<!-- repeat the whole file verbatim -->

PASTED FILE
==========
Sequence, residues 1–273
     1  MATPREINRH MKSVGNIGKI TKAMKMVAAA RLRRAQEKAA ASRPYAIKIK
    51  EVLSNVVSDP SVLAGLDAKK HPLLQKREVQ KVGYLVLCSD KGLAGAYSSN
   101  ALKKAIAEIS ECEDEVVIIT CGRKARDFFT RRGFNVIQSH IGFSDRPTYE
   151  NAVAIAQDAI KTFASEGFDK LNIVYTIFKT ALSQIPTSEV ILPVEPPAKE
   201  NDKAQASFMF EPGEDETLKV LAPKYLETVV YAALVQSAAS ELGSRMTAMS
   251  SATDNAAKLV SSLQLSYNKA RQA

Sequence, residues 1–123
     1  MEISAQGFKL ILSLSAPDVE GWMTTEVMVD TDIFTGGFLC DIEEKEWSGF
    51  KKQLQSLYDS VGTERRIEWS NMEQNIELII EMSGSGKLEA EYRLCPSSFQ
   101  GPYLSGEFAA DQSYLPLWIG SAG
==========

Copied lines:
Sequence, residues 1–273
     1  MATPREINRH MKSVGNIGKI TKAMKMVAAA RLRRAQEKAA ASRPYAIKIK
    51  EVLSNVVSDP SVLAGLDAKK HPLLQKREVQ KVGYLVLCSD KGLAGAYSSN
   101  ALKKAIAEIS ECEDEVVIIT CGRKARDFFT RRGFNVIQSH IGFSDRPTYE
   151  NAVAIAQDAI KTFASEGFDK LNIVYTIFKT ALSQIPTSEV ILPVEPPAKE
   201  NDKAQASFMF EPGEDETLKV LAPKYLETVV YAALVQSAAS ELGSRMTAMS
   251  SATDNAAKLV SSLQLSYNKA RQA

Sequence, residues 1–123
     1  MEISAQGFKL ILSLSAPDVE GWMTTEVMVD TDIFTGGFLC DIEEKEWSGF
    51  KKQLQSLYDS VGTERRIEWS NMEQNIELII EMSGSGKLEA EYRLCPSSFQ
   101  GPYLSGEFAA DQSYLPLWIG SAG